Environmental Toxins, Obesity and Diabetes

When it comes to treating obesity, most doctors and dietitians focus on the amount of calories taken in versus the amount of calories burned. The treatment of diabetes is focused on dietary changes and prescription medications. But, sometimes neither works. Why?

According to research and evidence, there is a link to environmental toxins and obesity and diabetes, which means a person could be following all of their dietary and prescription medication protocols and still have obesity and diabetes.

There are many proposed mechanisms on how this occurs, which includes:

  • increased inflammation
  • interference with blood sugar and cholesterol metabolism
  • increased insulin resistance
  • oxidative stress
  • mitochondrial injury
  • disruption of endocrine signaling pathways

Our environment, and as a result our food, is contaminated with thousands of chemicals reaching dangerous levels that our body cannot handle. If a person is toxic, they can become obese and diabetic independent of diet and exercise.

The Environmental Working Group (EWG) did a study on the industrial chemicals, pollutants and pesticides found in umbilical cord blood and their results were astonishing. They found that on average 200 industrial chemicals and pollutants were found in umbilical cord blood coming from pesticides, consumer product ingredients and wastes from burning coal, gasoline and garbage. During the most critical time of system development, we are being exposed to extremely dangerous chemicals.

Human exposure to environmental toxins damages many of the body’s natural weight-control mechanisms, and their effects may not be apparent until much later in life. From the beginning of our life we are exposed to damaging chemicals that push our body toward obesity and diabetes.

What can we do to reduce the toxin burden on our body? Remove toxins from your body and environment and enhance your detoxification systems through diet, herbs and supplements. Follow these tips:

  • Eat as much organic, grass-fed, pasture-raised, sustainable and clean food as possible. Avoid conventionally grown produce with the highest toxin load. Use the EWG’s Dirty Dozen™ and Clean 15™ lists to know what to buy and what to avoid. Organic produce is higher in powerful phytochemicals that act as antioxidants, detoxifiers and protectors against inflammation. Buy meat, poultry, dairy and eggs from animals that are raised without hormones, routine administration of antibiotics or pesticides. Choose pasture-raised, grass-fed and free-range. Use the Natural Resources Defense Council’s wallet card when choosing fish. Avoid heavily contaminated fish and limit consumption of fish with low mercury levels.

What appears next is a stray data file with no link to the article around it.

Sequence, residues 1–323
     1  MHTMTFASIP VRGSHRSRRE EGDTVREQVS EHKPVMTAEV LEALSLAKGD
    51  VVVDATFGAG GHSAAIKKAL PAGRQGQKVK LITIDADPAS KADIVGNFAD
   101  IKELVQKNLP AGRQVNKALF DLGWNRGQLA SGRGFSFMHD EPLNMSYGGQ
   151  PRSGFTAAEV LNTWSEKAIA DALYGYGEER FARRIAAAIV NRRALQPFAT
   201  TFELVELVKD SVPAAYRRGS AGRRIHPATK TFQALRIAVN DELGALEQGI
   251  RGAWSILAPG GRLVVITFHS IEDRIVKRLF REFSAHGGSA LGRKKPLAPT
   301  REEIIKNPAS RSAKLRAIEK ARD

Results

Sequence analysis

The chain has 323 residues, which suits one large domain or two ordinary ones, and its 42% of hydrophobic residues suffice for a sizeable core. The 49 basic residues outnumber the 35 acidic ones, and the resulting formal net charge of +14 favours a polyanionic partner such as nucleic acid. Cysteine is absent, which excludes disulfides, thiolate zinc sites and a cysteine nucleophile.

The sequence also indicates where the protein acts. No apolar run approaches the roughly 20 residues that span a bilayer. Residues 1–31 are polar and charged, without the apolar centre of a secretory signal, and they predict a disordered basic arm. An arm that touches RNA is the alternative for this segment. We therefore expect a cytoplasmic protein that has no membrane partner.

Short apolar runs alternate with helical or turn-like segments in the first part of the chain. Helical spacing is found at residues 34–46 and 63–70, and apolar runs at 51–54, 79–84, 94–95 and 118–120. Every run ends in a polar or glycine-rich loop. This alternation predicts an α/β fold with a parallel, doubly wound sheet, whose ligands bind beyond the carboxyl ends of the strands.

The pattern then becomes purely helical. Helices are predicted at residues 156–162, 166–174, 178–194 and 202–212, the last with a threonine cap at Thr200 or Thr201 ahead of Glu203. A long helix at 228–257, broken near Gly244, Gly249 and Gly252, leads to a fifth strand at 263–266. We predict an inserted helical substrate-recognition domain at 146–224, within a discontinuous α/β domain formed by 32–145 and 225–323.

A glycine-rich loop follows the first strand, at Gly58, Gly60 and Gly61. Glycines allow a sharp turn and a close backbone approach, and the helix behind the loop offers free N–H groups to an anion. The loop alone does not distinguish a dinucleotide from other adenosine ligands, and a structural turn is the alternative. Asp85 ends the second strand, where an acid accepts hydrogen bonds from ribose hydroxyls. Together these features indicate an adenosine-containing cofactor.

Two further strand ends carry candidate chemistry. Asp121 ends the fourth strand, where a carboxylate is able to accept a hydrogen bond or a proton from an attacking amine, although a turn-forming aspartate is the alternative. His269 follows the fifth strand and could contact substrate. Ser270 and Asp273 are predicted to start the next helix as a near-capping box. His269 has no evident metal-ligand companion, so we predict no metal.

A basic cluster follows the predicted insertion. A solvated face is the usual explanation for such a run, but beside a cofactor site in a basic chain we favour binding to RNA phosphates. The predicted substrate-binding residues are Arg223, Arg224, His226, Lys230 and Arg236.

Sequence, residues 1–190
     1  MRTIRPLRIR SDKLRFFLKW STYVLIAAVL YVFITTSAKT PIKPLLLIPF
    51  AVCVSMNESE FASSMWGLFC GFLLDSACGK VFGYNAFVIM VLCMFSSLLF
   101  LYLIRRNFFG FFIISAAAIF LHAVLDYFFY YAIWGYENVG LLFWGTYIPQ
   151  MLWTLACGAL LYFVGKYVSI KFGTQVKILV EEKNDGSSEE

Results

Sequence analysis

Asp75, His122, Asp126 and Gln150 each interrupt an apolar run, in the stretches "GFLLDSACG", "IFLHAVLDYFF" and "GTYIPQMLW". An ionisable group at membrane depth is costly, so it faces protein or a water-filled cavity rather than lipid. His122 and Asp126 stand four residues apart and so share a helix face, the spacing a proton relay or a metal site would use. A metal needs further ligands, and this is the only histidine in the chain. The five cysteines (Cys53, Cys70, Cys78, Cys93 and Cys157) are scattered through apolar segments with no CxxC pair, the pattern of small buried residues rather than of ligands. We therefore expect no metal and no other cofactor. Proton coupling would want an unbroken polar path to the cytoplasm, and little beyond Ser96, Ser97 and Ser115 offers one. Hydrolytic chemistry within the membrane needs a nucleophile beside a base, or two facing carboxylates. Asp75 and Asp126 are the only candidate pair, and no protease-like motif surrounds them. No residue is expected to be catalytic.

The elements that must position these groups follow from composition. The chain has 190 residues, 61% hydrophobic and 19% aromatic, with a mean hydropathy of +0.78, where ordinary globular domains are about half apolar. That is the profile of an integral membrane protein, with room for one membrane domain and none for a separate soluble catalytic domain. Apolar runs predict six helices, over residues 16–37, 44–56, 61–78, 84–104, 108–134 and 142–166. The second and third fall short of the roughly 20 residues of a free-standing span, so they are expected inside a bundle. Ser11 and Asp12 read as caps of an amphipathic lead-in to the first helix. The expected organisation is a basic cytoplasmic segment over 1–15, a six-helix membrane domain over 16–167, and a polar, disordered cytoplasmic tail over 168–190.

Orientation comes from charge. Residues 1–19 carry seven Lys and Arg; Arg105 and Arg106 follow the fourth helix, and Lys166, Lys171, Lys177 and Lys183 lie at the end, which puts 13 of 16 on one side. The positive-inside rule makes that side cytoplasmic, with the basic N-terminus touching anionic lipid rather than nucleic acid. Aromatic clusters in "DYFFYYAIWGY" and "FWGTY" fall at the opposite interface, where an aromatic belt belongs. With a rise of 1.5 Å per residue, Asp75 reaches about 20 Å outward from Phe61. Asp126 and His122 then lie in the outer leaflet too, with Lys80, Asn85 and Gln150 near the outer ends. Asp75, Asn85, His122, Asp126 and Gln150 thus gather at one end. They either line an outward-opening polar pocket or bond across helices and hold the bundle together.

• Increase consumption of cruciferous vegetables (kale, collards, broccoli, cabbage, cauliflower, bok choy, arugula, radish, mustard greens and turnips), green tea, dandelion, beets and sulfur-containing foods (eggs, garlic and onions). These foods support detoxification and help cleanse the body of toxins.
  • Drink clean water. Aim for 4 to 8 cups of water per day and avoid water from plastic bottles.  Plastic leaches chemicals into food and beverages. Drink filtered water and carry it in a glass or stainless steel container.
  • Milk thistle is a powerful liver cleanser and detoxifier. Incorporate ground milk thistle into your diet or buy it in supplemental form.
  • Look for non-toxic household products, cosmetics and sunscreens. Mainstream consumer products are full of dangerous chemicals. Use to help guide your purchases.

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Elizabeth Blessing

Elizabeth Blessing is co-founder and chief nutritionist of Green BEAN Delivery. Originally from Noblesville, Ind., Elizabeth has a Bachelor of Science in Dietetics from Indiana University and a Master of Science in Nutrition from Bastyr University. After graduating from Bastyr, she worked as a nutrition educator for Washington State University King County Extension’s Food $ense Program. While at Food $ense, she co-authored nutrition education curriculum. Now Elizabeth is the on-site Nutritionist and a Food Service instructor at The Chef’s Academy, the Indiana Business College’s culinary school. Get her nutrition tips and recipes each week on the Healthy Times blog.
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